I was not able to find a specific meaning of this light painting. However, the title of the photograph – ‘Three Picassos, One Vision’ suggests that even though he has been captured in the photograph at various points of the process, the focal point is meant to be the light drawing itself. The fact that the title of the photograph mentions how many times Picasso himself has been captured in the image could also imply that even though only he was creating the light drawing, a lot of thought went into it; possibly the equivalent of the thoughts of three people. This can be shown as his image has been captured at three different points. One standing upright with a neutral face expression could represent the disposition of a calm mind taking the approach. Picasso leaning to his left with wide eyes and an outstretched arm could suggest an excited person’s approach to the task at hand. Finally, the Picasso caught crouching with a frown upon his brow could represent someone who takes his time in creating work and thinks a lot both before and during. Another meaning that could be taken from looking at the photograph is that even though he was at three different, prominent positions during the creation of the light drawing, he was looking at and knowing what he wanted to create constantly, therefore him having ‘one vision’. This could also suggest that in life, three very different people with different backgrounds and or whereabouts that can have the same one vision of wanting to do something or aspire to.

I really like this image as Picasso combined the light drawing with three translucent images of him that were captured during him creating the light drawing, as a lot of modern light painting photograph are created in a very dark room or in complete darkness. Due to this, it gives observers of the photograph more to look at and more to think about with the various pieces of furniture in the background of the image.

Wednesday, 4 January 2012

Crystel Lebas Analysis

Crystel Lebas Analysis

Crystel Lebas was born in France and now currently resides and works in London.  In 1997 she graduated from the Royal College of Art. On an international level, Crystel Lebas has exhibited her photographs extensively including several private collections and public collections such as the Bibliothèque Nationale – Paris and the Victoria and Albert Museum in London. Her first book, ‘Time in Space’ received a British Book Design and Production Award in 2004. Crystel Lebas’s second book ‘Between Dog and Wolf’ was published in 2006. The photograph I am looking at came from the ‘Between Dog and Wolf’ book.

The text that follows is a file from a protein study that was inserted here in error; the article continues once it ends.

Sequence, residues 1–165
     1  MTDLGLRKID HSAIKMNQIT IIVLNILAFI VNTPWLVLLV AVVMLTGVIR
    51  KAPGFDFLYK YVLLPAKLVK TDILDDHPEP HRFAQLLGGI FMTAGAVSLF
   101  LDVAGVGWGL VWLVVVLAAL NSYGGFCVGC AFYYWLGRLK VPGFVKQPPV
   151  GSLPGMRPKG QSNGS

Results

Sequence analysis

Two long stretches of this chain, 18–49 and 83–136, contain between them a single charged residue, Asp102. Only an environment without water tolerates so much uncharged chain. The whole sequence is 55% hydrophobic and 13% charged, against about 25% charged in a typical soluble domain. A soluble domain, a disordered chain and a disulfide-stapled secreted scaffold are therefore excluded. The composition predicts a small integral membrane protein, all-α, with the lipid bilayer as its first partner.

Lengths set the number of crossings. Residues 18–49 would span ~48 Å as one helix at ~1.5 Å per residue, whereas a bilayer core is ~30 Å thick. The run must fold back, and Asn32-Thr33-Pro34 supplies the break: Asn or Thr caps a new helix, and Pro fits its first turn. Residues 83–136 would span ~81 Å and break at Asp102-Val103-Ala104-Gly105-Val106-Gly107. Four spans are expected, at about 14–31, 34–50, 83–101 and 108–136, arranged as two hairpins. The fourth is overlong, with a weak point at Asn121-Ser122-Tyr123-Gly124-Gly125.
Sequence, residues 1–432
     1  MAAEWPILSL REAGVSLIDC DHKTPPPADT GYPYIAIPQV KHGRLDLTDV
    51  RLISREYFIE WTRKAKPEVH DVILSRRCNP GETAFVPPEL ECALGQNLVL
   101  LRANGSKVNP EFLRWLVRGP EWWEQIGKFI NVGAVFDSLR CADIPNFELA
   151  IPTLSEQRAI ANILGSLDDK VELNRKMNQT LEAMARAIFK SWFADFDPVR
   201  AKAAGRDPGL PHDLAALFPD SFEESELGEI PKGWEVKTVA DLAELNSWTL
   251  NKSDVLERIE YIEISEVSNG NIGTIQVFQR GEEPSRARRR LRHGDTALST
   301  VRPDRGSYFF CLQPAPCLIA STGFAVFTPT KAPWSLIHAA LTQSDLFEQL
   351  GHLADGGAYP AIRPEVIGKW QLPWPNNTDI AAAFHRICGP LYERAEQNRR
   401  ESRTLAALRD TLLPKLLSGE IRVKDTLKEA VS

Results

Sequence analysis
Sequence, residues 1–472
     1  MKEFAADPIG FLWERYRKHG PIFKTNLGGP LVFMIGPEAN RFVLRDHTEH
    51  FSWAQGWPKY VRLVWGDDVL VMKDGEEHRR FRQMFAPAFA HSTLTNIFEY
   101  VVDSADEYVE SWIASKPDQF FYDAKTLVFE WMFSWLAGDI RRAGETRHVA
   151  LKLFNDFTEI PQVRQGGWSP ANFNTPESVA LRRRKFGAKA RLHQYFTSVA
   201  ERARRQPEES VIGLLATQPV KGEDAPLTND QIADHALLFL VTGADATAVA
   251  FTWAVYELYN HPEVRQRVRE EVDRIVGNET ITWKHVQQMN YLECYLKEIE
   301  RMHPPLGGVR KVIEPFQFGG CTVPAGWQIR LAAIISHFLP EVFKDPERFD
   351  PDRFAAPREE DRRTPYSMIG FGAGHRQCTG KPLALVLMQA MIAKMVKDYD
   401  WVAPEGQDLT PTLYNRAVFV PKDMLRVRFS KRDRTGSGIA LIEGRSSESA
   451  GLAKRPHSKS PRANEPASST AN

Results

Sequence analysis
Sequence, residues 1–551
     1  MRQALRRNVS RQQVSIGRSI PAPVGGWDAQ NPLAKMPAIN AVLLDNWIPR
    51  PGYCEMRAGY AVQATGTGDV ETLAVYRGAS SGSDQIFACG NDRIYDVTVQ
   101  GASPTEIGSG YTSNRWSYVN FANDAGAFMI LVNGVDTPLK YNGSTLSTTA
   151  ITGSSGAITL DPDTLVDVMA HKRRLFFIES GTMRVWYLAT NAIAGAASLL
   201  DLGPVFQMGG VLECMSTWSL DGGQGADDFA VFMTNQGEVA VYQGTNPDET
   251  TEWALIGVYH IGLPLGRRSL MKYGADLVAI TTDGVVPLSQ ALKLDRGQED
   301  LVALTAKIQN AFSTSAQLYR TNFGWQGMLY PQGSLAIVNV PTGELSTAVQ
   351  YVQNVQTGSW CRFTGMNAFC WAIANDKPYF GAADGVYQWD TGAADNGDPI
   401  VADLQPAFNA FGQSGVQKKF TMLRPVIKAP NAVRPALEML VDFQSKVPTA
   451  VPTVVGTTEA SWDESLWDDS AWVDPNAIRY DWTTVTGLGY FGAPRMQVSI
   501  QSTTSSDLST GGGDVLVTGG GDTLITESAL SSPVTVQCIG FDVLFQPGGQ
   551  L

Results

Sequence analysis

I wasn’t able to find the title of this photograph; only what book it was from. It seems that the photograph was taken in the early morning, as the lighting is quite low and not yet light. Due to the light being quite low, a slow shutter speed would have been used so that image was captured clearly. Towards the background of the image, in amongst the trees, it appears that there is a mist emerging which could suggest that the time of year when this photograph was taken could be late autumn or early spring time. There is a slight curvature at the bottom of photograph, which could indicate that Crystel Lebas was taking the photograph in a slight dip or at the bottom of a slight hill as the ground dips in the middle and rises on both sides. By looking in the centre of the image, it does seem that this image was taken at the bottom of a slight hill as the angle of the ground rises more towards the back of the image. The ground is mostly covered in small ferns and towards the right of the photograph, it looks like a type of grass is also occupying the soil.  Additionally, on the right of the photograph, there is a grouping of rocks and what looks like a small clearing in front of them.

Along with the title, I could not find the meaning of this photograph. Basing it on the title of the book that this image was published in; ‘Between Dog and Wolf’, this photograph could have a more evolutionary meaning of the transaction from the wolf to the dog. The wolf living in forests such like the one that has been taken in this photograph, evolving into a wide range of species, one being canines like the dog which were then domesticated and taken out of the wild. This photograph could therefore have the literal meaning of the evolution of the dog from the wolf. Following on from this, this photograph could show the emptiness within forests. The forest itself being alive through the trees and the ferns, but lacking actual animals bigger than centipedes and beetles due to the human race expanding over time, over hunting of the animals such as the boar and domestication of the dog. Perhaps this photograph was taken to show the beauty that this world still holds and that it is delicate as our over developing world pushes on the boundaries of building more cities and cutting down more wood. The colours on this photograph are very clear, greens and browns towards the lower part of the image, and more blue colours to the top of the image, almost as if they were pushing down on the other colours. This could suggest a power battle between the wolf, being represented by the greens, and the canines being represented by the blues. The wolf being pushed out of their natural habitat as the human race expanded and domesticated canines so that they thrived.

I really like this photograph. The time in which it was taken adds a feeling of a magical sense with the ‘greens’ towards the bottom of the image being the ferns and a more ‘bluey’ haze being the morning light filtering through the trees, dominating the top half of the photograph. I also like that Crystel Lebas chose this particular area to take the photograph, as the rocks to the right add a sort of heaviness to the image that wouldn’t be achieved if the image consisted of all trees. Also, the ground rises towards the back of the image indicating a slope of this particular terrain towards the mist and the blue haze of the light, which creates a more mysterious look and feel.